By John Blankenship
With uncommon wisdom, intelligence and humility, Thurman Miller, 93, a native West Virginian and a resident of Maple Fork Road near Bradley, is a member of the Greatest Generation. He spins a gripping tale through peace and war, work and family, love and redemption across 10 tumultuous decades in his autobiographical work “Earned in Blood.”
His book provides a highly personal, close-up look at the savage World War II battles at Guadalcanal and New Britain between U.S. forces and the Imperial Japanese Army.
Born in the Appalachian mountains of West Virginia, Miller was the 16th of 18 children in a family so poor, the local coal miners’ kids looked down on them. His father was a subsistence farmer and it was rare for the Miller family to have enough food for everyone.
But for Miller, Appalachia was not just a region: It was culture, a frame of mind, a kind of being. Fighting, playing and hiding in the hills would soon serve him well.
In 1940, he enlisted and served in World War II with the legendary unit K-3-5 of the First Marine Division. He was involved in some of the most horrific and famous battles in the Pacific Theater, including Guadalcanal and New Britain, where as gunny sergeant he sent men to their deaths and narrowly escaped it himself.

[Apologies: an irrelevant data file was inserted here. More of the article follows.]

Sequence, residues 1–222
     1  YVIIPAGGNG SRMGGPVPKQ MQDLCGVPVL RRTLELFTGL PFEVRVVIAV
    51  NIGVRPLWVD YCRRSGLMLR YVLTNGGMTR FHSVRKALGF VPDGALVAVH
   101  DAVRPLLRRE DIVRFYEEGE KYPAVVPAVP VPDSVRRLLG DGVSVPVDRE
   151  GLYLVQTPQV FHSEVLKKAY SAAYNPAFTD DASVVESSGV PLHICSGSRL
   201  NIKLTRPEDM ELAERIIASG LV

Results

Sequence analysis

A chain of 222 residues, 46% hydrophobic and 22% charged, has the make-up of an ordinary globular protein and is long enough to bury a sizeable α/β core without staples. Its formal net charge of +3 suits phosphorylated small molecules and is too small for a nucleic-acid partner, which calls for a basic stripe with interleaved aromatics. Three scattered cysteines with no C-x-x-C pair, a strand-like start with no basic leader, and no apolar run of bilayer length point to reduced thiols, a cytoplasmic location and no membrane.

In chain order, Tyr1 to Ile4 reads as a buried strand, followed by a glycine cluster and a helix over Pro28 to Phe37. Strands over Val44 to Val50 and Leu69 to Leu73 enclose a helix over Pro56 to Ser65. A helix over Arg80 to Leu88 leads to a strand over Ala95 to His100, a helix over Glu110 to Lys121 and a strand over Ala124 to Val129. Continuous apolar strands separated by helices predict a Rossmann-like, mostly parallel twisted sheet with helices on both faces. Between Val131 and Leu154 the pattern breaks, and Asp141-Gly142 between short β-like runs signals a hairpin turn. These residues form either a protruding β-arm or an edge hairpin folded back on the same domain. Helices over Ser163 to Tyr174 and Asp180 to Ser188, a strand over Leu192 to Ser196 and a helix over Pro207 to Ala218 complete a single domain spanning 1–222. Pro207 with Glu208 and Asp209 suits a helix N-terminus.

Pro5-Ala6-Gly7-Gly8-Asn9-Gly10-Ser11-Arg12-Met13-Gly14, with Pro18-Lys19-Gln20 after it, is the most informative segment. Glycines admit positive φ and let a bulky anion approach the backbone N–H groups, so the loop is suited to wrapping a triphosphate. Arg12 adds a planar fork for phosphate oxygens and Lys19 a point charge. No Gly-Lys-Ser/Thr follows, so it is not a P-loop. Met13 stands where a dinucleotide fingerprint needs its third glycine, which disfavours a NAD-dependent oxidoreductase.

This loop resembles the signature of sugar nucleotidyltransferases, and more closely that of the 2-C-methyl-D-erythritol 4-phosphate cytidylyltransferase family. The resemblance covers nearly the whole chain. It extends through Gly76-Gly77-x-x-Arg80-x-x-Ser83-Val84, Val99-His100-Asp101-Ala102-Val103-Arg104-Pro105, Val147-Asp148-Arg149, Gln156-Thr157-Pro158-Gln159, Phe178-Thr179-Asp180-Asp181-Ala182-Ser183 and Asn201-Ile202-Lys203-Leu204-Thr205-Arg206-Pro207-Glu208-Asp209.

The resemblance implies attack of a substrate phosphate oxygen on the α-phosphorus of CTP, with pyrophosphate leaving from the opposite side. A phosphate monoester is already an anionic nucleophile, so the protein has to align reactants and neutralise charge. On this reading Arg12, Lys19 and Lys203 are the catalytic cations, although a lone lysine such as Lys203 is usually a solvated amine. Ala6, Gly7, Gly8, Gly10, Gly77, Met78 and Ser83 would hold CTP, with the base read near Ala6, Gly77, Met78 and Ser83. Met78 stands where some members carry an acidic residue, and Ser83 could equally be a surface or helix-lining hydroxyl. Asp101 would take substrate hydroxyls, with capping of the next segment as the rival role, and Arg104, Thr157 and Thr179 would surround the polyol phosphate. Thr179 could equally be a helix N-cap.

From harrowing battlefield experiences to the loss of comrades, his powerful combat experiences would stay with him forever.
“I thought it would be good if someone, anyone, would write a book strictly from the foxhole and the coal mine — what it meant to be on the front lines.”
As far as the battlefront was concerned, things soon became brutal as patrols were literally slaughtered and horrific combat clashes ensued, Miller said.
“Practically speaking, we got down to a place where we conducted war like they (the enemy) did — we had no feelings for them. You have to get like that in order to fight a war. We really threw the book out the window.”